In October 2021, the FASB issued ASU 2021-08, “Business Combinations (Topic 805), Accounting for Contract Assets and Contract Liabilities from Contracts with Customers,” which requires contract assets and contract liabilities acquired in a business combination to be recognized and measured by the acquirer on the acquisition date in accordance with ASC 606, “Revenue from Contracts with Customers” (“ASC 606”). The guidance will result in the acquirer recognizing contract assets and contract liabilities at the same amounts recorded by the acquiree. The guidance should be applied prospectively to acquisitions occurring on or after the effective date. The guidance is effective for fiscal years beginning after December 15, 2022, including interim periods within those fiscal years. Early adoption is permitted, including in interim periods, for any financial statements that have not yet been issued. The Company is currently evaluating this guidance to determine the impact it may have on its consolidated financial statements.
In November 2021, the FASB issued ASU 2021-10, “Government Assistance (Topic 832),” which requires annual disclosures that increase the transparency of transactions involving government grants, including (1) the types of transactions, (2) the accounting for those transactions, and (3) the effect of those transactions on an entity’s financial statements. The amendments in this update are effective for financial statements issued for annual periods beginning after December 15, 2021. The Company expects that this guidance will not have a significant impact on the Company’s consolidated financial statements.
The Company accounts for financial instruments in accordance with ASC 820, “Fair Value Measurements and Disclosures” (“ASC 820”). ASC 820 establishes a fair value hierarchy that prioritizes the inputs to valuation techniques used to measure fair value. The hierarchy gives the highest priority to unadjusted quoted prices in active markets for identical assets or liabilities (Level 1 measurements) and the lowest priority to unobservable inputs (Level 3 measurements). The three levels of the fair value hierarchy under ASC 820 are described below:
Level 1 – Unadjusted quoted prices in active markets that are accessible at the measurement date for identical, unrestricted assets or liabilities.
Level 2 – Quoted prices in non-active markets or in active markets for similar assets or liabilities, observable inputs other than quoted prices, and inputs that are not directly observable but are corroborated by observable market data.
Level 3 – Prices or valuations that require inputs that are both significant to the fair value measurement and unobservable.
There were no changes in the fair value hierarchy levelling during the period ended March 31, 2022 and year ended December 31, 2021.
The following table summarizes the fair value of our financial assets and liabilities that were accounted for at fair value on a recurring basis, by level within the fair value hierarchy:
Financial instruments with carrying values approximating fair value include cash and cash equivalents, restricted cash, short-term deposits, other current assets, trade accounts payable and other account payables, due to their short-term nature.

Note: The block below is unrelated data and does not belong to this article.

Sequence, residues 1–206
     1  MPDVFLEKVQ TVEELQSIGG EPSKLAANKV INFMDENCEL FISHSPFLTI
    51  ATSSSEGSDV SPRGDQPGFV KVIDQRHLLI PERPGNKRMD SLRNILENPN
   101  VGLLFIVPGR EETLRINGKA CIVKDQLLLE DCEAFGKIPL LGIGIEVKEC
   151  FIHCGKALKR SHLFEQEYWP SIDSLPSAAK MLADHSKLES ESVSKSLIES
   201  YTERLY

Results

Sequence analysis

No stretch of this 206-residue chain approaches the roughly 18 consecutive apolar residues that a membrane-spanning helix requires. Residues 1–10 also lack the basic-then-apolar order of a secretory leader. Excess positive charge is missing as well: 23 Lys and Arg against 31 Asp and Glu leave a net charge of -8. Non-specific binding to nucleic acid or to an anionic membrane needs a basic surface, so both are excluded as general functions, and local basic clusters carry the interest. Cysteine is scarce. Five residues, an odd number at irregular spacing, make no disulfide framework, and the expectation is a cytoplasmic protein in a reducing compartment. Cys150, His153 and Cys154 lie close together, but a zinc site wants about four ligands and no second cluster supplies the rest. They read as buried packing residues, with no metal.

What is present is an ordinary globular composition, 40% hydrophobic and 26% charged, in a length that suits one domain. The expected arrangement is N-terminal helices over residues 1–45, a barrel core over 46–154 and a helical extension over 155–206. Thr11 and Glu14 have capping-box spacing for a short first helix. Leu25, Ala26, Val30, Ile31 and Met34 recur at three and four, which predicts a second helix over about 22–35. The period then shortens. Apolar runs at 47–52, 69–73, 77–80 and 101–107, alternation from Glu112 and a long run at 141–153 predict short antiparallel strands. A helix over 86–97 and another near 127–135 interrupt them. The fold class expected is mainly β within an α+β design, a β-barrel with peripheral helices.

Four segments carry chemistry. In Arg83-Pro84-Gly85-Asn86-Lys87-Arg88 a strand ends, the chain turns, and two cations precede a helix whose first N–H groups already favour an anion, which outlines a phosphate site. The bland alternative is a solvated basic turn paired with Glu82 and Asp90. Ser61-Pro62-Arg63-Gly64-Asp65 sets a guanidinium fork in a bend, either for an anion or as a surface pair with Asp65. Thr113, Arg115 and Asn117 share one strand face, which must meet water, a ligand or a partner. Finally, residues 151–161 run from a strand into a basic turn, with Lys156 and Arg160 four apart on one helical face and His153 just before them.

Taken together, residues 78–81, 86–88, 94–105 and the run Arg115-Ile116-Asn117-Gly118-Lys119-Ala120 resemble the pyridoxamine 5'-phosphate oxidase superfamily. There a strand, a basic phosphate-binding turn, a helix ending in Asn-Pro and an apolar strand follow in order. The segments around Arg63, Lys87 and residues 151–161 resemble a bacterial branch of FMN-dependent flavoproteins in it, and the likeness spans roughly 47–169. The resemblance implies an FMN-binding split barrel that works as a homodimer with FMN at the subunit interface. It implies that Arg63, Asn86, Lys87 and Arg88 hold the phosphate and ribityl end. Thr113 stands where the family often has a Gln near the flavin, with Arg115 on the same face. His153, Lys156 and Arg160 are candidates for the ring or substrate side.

The Company determined the fair value of the liabilities for the contingent consideration based on a probability discounted cash flow analysis. This fair value measurement is based on significant unobservable inputs in the market and thus represents a Level 3 measurement within the fair value hierarchy. The fair value of the contingent consideration is based on several factors, such as: the attainment of future clinical, developmental, regulatory, commercial and strategic milestones relating to product candidates for treatment of primary sclerosing cholangitis. The discount rate applied ranged from 1.26% to 2.42%. The contingent consideration is evaluated quarterly, or more frequently, if circumstances dictate. Changes in the fair value of contingent consideration are recorded in consolidated statements of operations. Significant changes in unobservable inputs, mainly the probability of success and cash flows projected, could result in material changes to the contingent consideration liability. For the three months ended March 31, 2022, the Company did not record any expenses related to the contingent consideration liability. Change in contingent consideration for the 3 months ended March 31, 2021 resulted mainly from revaluation.
The Company uses foreign exchange contracts (mainly option and forward contracts) to hedge cash flows from currency exposure. These foreign exchange contracts are not designated as hedging instruments for accounting purposes. In connection with these foreign exchange contracts, the Company recognizes gains or losses that offset the revaluation of the cash flows also recorded under financial expenses (income), net in the condensed consolidated statements of operations. As of March 31, 2022, the Company had outstanding foreign exchange contracts for the exchange of USD to NIS in the amount of approximately $6,801 with a fair value of $42. As of December 31, 2021, the Company had outstanding foreign exchange contracts for the exchange of USD to NIS in the amount of approximately $4,180 with a fair value of $62.
The entire disclosure for all significant accounting policies of the reporting entity.
Reference 1: http://www.xbrl.org/2003/role/disclosureRef